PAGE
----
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Car battery question.

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Car battery question.

Old 13th Jun 2014, 00:32
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Car battery question.

Just about to leave my car for 3 months, a Honda Accord Euro, full of all today's computerised garbage.

The battery is only 6 months old and in good shape, and will "probably" be OK, but in the Good Old Days I'd have discnnected it anyway, but I don't want to go to the hassle of having to re-programme everything just to have to start the car, radio, security stuff etc. when I get back if I do that.

I have an ancient trickle charger that has served me well, and which I occasionally connected whilst away, but I'm told that the new, sealed, batteries don't like them, and I should buy a highly expensive "intelligent" charger instead. Not going to.

Question - I have a fairly simple, small, Solar Panel that pushes out about 16 volts on a good day, and am considering leaving it connected to the battery - is this dangerous, computer and modern batterywise ? Can I connect via the cigarette lighter / 12 v. power socket, the cell has a male cig. lighter end on it, i.e. does the charge go backwards up the cig. lighter circuit when everything is switched off, or should I connect it directly to the battery terminals ?

Life used to be simpler before computers.

Any advice, experience appreciated, thanks.

ExS.
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Old 13th Jun 2014, 00:59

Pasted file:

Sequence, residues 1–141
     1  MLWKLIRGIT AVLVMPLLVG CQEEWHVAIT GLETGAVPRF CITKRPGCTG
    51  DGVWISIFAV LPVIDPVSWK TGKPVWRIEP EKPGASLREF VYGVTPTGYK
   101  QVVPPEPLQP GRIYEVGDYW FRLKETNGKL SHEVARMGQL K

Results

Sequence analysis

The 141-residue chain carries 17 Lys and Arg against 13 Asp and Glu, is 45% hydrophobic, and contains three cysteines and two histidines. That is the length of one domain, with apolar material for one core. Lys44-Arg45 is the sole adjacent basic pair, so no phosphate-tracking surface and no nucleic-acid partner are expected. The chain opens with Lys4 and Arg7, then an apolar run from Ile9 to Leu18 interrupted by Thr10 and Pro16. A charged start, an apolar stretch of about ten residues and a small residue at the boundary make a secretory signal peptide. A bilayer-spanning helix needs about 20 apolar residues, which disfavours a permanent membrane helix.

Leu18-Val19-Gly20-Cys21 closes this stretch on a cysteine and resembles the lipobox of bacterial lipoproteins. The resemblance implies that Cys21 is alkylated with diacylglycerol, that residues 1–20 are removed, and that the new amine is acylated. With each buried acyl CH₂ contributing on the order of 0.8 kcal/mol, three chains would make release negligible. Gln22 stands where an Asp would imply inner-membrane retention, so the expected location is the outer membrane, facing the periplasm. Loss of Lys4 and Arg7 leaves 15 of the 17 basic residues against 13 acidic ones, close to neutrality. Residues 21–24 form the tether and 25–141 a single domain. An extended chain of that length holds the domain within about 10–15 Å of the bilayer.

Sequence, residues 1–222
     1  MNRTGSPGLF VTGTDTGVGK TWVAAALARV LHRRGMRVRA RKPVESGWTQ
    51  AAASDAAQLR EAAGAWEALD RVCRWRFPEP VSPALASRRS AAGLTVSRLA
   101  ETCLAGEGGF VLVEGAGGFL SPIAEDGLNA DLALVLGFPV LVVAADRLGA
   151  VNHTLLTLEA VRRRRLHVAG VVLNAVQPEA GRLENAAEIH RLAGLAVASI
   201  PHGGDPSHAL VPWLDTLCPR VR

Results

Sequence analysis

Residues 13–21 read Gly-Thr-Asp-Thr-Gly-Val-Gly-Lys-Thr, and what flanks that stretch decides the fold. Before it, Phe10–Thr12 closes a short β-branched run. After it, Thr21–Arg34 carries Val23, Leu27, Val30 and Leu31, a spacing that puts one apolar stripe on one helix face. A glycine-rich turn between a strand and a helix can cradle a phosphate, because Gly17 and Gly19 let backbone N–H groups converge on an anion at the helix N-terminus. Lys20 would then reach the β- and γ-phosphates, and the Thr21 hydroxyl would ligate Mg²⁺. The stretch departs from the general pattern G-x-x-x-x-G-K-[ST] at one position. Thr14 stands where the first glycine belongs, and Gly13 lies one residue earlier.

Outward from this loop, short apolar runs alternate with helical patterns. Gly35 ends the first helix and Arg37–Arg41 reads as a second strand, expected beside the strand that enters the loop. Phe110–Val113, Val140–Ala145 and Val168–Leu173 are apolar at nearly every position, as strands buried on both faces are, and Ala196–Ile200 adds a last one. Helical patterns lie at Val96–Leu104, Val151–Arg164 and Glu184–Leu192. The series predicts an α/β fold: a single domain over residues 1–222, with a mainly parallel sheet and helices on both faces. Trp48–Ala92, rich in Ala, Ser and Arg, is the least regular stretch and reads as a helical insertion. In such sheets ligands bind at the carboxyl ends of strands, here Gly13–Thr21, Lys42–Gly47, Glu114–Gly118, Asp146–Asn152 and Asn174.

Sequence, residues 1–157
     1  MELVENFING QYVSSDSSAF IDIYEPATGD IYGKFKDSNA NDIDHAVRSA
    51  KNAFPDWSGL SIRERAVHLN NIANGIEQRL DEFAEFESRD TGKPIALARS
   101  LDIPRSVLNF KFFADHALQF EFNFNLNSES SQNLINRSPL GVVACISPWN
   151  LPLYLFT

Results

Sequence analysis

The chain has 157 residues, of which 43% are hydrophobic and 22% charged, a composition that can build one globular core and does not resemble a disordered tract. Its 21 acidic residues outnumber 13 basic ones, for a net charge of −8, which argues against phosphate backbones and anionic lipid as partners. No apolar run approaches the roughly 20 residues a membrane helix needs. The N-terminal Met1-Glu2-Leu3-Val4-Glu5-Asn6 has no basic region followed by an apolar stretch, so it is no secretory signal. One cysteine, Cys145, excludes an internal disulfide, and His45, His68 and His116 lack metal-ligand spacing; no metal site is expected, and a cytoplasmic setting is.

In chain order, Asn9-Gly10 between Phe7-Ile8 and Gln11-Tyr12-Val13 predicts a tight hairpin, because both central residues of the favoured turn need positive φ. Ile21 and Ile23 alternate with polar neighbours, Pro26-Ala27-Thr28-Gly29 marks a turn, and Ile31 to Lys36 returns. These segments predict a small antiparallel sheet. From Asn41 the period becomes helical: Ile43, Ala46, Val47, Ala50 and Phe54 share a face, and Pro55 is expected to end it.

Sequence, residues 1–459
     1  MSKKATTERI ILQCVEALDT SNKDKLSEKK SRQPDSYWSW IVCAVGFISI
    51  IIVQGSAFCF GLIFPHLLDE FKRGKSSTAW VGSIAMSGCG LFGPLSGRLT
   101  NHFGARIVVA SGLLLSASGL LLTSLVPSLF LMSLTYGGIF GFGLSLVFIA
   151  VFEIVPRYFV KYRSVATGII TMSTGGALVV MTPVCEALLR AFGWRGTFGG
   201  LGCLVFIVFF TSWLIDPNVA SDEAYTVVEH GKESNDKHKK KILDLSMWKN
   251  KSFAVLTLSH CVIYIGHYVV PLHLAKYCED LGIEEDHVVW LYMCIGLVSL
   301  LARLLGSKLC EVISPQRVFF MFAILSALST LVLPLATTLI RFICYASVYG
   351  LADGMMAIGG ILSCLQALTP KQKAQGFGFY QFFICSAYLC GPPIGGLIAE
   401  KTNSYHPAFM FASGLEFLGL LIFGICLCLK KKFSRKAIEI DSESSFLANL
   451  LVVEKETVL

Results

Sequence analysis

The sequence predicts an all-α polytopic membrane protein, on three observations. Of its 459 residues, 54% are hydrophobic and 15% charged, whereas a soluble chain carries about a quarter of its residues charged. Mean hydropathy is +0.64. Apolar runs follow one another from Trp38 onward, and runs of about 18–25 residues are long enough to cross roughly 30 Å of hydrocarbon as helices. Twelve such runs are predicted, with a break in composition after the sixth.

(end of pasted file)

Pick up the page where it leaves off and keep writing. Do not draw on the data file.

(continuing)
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I have a friend with a modern car who lives on an island and can go for a week or two without getting to the (which mis parked on the mainland) car.
He has (as do you) a small solar cell array that is always plugged in (to the lightersocket) and this keeps up with the natural drainage of the system.
He has had no problems whatsoever, so I would say just go ahead and use yours.
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Old 13th Jun 2014, 01:46
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Many car lighter sockets are 'off' when the ignition is off, so check this on your car, as there is no point in having power being fed in here when the circuit is not active. My preference would be to leave the trickle charger connected, but wait until you get some answers here from people who know electrickery better than me.
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Old 13th Jun 2014, 02:02
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In some/most modern cars the cigarette lighter socket is only active when the ignition switch is on.

This means that charging the battery via the cigarette lighter socket would also require the ignition to be on for the circuit to be complete. If this is case with your vehicle, a connection directly to the battery would be needed. Ideally anything so connected needs a fuse in the supply line so that in the (unlikely) event of a short circuit in the equipment, other potential disasters are prevented.

There seems to be no clear consensus whether a regulator and/or blocking diode is needed when a small solar panel is used in such a situation. Some panels may already have the blocking diode installed. (The reason for such a diode is to prevent a slight discharge from the battery back though the solar cells at night time). Several articles suggest that it's not significant in most situations. If there is a controller / regulator in the solar package, this should be managed automatically.

FOR
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Old 13th Jun 2014, 02:12
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I would go to the battery.